Thursday 31st August 2017
£25.00 - £45.00
Don Bryant - voc
Scott Bomar- bass
David Mason- drums
Joe Restivo - guitar
Marc Franklin - trumpet
Kirk Smothers - sax
Archie Turner - keys
Dedicated to wife Ann Peebles, Don't Give Up on Love is Don Bryant's first secular album since 1969, the same year he placed a co-writing credit on This Is Ann Peebles. Bryant also recorded several singles for Hi Records during the latter half of the '60s, but he settled into penning songs for other artists and spun some gold with his partner, exemplified by "I Can't Stand the Rain."
Long after Bryant devoted all his musical energy to the church, Hi Rhythm Section drummer Howard Grimes persuaded the singer to perform with him in the Bo-Keys. Bryant's return to R&B felt so right that it led to Don't Give Up on Love. Recorded in Memphis with several of the Bo-Keys, including Grimes and fellow Hi veterans Charles Hodges (organ) and Hubby Turner (keyboards), as well as bandleader Scott Bomar (bass), it stays true to the tradition of late-'60s/early-'70s Memphis soul. Much of that has to do with the enduring might of Bryant's voice. It seizes attention on the opening cover of Vernon Morrison and Don Robey's "A Nickel and a Nail" -- popularized by O.V. Wright, for whom Bryant wrote material -- and seldom loosens its grip through a set that is mostly originals composed by Bryant either alone or with Bomar.
Out of the new songs, "How Do I Get There" is the standout, a resolute hybrid of gospel, blues, and soul where Bryant sings about the promise of the afterlife. Bryant also goes all the way back to 1960 for an update of "I Got to Know," which he wrote for vocal group the "5" Royales, and revisits his "It Was Jealousy," recorded separately during the early '70s by Otis Clay and Peebles. This is one pleasant and pleasing surprise.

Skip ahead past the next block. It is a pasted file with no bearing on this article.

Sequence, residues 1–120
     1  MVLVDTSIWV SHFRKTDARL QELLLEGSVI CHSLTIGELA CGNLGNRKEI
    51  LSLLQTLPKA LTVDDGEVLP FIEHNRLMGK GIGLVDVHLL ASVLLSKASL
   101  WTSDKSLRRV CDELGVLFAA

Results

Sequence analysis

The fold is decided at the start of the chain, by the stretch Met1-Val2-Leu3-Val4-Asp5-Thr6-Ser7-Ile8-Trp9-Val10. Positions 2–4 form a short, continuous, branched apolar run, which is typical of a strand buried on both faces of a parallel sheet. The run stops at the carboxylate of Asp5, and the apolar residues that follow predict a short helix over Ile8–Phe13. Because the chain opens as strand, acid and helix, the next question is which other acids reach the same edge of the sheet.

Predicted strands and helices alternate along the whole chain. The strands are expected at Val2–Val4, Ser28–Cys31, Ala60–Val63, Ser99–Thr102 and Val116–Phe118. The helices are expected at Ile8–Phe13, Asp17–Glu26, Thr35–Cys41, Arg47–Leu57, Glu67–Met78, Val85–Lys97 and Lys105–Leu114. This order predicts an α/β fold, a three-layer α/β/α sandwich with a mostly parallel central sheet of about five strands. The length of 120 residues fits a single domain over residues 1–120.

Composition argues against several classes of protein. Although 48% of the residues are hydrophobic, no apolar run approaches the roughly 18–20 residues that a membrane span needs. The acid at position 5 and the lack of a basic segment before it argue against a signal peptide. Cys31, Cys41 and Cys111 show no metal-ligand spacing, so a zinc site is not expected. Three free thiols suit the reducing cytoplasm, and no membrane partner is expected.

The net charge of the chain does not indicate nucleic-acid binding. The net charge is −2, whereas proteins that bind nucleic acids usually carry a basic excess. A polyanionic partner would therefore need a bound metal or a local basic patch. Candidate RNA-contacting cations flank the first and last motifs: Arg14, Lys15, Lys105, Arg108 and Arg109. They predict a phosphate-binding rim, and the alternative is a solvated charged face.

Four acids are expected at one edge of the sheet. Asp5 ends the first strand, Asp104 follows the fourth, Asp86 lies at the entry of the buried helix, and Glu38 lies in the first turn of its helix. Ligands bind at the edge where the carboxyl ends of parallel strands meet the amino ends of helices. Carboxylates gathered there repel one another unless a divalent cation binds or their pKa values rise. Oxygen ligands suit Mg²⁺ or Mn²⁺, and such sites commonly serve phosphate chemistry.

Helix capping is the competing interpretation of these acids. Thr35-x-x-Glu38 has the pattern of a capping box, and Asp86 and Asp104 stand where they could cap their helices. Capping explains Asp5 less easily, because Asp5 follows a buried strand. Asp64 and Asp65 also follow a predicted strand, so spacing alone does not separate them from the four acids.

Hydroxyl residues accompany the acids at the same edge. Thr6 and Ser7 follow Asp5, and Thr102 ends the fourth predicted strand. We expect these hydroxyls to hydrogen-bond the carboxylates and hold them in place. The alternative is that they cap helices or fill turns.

SOUL BAND THE BO-KEYS KEEPS THE SOUND OF CLASSIC MEMPHIS R&B VITAL AND CONTEMPORARY
Led by Grammy nominated producer-bassist Scott Bomar, group also includes historic session musicians from Stax and Hi Records studio bands
MEMPHIS, TN – The word “soul” has powerful resonance – musically, culturally and spiritually – and no contemporary band embodies the power of soul more than the Bo-Keys.
Through two critically acclaimed albums and four singles, as well as international appearances at major festivals and clubs, the Bo-Keys have kept the spirit of classic Memphis music alive while also writing a vital new chapter for the sound and style that’s etched into the fiber of American consciousness.
“One of the main reasons I started the band is that there were a lot of great musicians from the golden era of Memphis soul who weren’t really getting the work or attention they deserve,” says bandleader Scott Bomar, who formed the Bo-Keys in 1998. “Stax, Hi Records and American Studios all shut down, and the amazing musicians who were part of those studio bands either moved or stayed in Memphis, languishing in obscurity for the most part. I wanted people to know that those players and that sound were still alive and well.”
That message has been trumpeted by the Bo-Keys’ remarkable series of Blues Music Award-nominated recordings produced by Bomar. These began with 2004’s The Royal Sessions, which was made at Memphis’ Royal Studios, where producer Willie Mitchell and Al Green cut their soul and pop hits. And they include 2011’s Got To Get Back, featuring guest vocalists Otis Clay and William Bell, Bo Keys singer Percy Wiggins and Grammy winning blues harmonica kingpin Charlie Musselwhite.
The Bo-Keys’ singles include 2009’s “Work That Skirt” plus a rich string-arrangement of the James Carr classic “Dark End of the Street” sung by soul and gospel vocal legends Spencer and Percy Wiggins. They were collectively released as The Electrophonic Singles, Vol. 1 in 2014.
That year the band also supported neo-soul singer John Nemeth on his album Memphis Grease and on tour. Memphis Grease has received two 2015 Blues Music Award nominations and the Bo-Keys are nominated once again this year for best band.